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Jolida 13th October 2012 06:10 AM

Pre-Amp distortion
I am getting a strange distortion from both channels of my pre-amp (Harman Kardon Signature 2.0). I had not been using it since more than a year now. When I recently started using it, I started getting a strange kind of distortion, as if the speaker cone is torn. The vocals sound torn especially with recordings of a high input level. I tried eliminating every piece of equipment & interconnect in the line-up & the problem lies with the preamp. Now it's getting worse, with the balance shifting a lot towards the left channel. The left channel sounds louder & brighter than the right. Please Suggest :(

MagicBox 13th October 2012 06:32 AM

Sounds like dirty potentiometers but there's also a chance capacitors in the signal path or powersupply have worn. It would be worth looking into these first.

Jolida 13th October 2012 06:38 AM

It's a digital volume control. Will this still have a potentiometer inside? There is a big volume
Knob on the amp but it changes the volume digitally.

MagicBox 13th October 2012 06:54 AM

It's not the knobs then, no mechanical volume / balance control :) What remains then would be a check-up on the important capacitors inside the amp. Are you familiar with working a bit on electronic circuits?

jitter 13th October 2012 06:56 AM

According to page 14 of the service manual of that amp, the volume control is electronic, i.e. the knob doesn't operate a conventional potentiometer.

I take it you tried every input on the preamp and get the same result on each input?
Since input selection and volume control seem all electronic in this device, I'd start with measuring if all voltages in the PSU are present and correct.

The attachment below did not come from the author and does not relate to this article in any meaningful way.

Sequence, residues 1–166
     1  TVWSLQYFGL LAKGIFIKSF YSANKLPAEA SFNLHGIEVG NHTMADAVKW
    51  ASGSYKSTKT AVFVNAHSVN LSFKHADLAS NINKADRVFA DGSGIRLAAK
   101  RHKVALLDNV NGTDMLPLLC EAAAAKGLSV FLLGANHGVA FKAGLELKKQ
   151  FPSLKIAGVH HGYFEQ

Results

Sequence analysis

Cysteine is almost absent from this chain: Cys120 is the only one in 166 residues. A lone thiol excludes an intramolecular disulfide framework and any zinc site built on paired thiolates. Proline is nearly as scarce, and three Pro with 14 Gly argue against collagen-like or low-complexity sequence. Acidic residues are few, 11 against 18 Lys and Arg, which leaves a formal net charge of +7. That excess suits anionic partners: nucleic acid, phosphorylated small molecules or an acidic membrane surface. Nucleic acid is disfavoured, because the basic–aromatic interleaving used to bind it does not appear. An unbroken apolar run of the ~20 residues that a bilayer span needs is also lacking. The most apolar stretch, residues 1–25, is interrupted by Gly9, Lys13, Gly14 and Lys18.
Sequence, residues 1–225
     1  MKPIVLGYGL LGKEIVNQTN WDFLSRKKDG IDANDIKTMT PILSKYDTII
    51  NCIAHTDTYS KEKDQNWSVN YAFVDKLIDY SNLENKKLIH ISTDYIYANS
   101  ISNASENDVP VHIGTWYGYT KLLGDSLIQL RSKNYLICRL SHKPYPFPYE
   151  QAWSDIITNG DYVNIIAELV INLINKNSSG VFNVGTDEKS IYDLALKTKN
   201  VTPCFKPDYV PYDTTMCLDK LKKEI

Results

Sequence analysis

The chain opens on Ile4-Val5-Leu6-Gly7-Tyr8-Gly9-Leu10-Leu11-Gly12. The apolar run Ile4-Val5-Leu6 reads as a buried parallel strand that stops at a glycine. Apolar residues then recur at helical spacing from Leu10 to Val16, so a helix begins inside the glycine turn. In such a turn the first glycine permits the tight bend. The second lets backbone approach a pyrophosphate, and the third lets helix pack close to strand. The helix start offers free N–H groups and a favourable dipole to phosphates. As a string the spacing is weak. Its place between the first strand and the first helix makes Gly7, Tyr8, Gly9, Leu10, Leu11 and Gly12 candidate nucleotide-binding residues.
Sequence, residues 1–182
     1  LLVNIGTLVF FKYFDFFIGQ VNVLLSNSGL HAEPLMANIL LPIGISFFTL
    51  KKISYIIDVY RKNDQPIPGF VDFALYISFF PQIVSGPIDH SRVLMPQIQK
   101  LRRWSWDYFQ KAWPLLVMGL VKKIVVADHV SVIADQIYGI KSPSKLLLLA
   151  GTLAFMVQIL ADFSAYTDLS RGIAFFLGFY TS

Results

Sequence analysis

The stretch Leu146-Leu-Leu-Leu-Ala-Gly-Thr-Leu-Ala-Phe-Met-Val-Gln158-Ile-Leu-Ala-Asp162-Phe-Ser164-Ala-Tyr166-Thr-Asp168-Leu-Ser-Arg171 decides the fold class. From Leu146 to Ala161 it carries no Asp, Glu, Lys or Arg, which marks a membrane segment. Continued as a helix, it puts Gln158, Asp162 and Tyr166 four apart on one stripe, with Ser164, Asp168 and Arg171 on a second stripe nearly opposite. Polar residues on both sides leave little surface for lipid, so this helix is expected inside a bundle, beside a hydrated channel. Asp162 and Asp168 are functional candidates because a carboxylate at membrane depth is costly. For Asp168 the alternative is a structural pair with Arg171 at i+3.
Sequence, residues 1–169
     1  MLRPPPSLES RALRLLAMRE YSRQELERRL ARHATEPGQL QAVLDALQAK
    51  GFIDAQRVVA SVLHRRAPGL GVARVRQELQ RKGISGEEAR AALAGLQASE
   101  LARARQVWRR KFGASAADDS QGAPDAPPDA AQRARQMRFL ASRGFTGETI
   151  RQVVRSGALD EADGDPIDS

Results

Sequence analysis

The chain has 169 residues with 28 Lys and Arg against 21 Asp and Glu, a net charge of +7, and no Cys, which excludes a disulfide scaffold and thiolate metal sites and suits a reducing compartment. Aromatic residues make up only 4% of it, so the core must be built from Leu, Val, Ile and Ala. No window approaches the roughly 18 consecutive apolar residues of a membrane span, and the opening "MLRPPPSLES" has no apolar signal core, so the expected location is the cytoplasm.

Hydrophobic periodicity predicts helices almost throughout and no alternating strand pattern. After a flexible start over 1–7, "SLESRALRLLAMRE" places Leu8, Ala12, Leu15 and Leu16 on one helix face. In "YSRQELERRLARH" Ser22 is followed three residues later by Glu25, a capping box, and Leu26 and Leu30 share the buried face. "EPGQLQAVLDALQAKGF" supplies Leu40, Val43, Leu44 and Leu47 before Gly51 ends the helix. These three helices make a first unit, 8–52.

Jolida 13th October 2012 06:59 AM

Yes I'm quite ok at electronic stuff but not anywhere close like u guys :)
If u could please guide me as to what has to be looked at, I would really appreciate.

Jolida 13th October 2012 07:03 AM

Yes I have tried all inputs on the amp & the problem still remains

MagicBox 13th October 2012 07:08 AM

I just peeked at the service manual as well and you'll have quite the number of components to check! Like jitter told, using the manual, knowing a bit about the used ICs, you could check up on all the voltages to see if they are proper; measure the supply output and if that is ok, measure the supply pins of various ICs throughout and if that looks okay, try to find any capacitors that may look like they're puffed up or leaking or otherwise show anomalies.

It's going to be quite the hunt.

Edit: Oh and forgot to mention another 'easy' checkup: Internal connectors gone bad (bad contact) so reseating those may also help.

Jolida 13th October 2012 07:16 AM

Great. I also have an Oscilloscope but have never learnt how to use it to debug such issues. Or a multimeter is just enough ?

MagicBox 13th October 2012 08:09 AM

To measure supply voltages a multimeter is just fine. The scope starts to become useful when you also have a device to generate a test signal, often a sinus. Then, you just probe the signal path starting at the input all the way towards the output and see where the signal goes weird.

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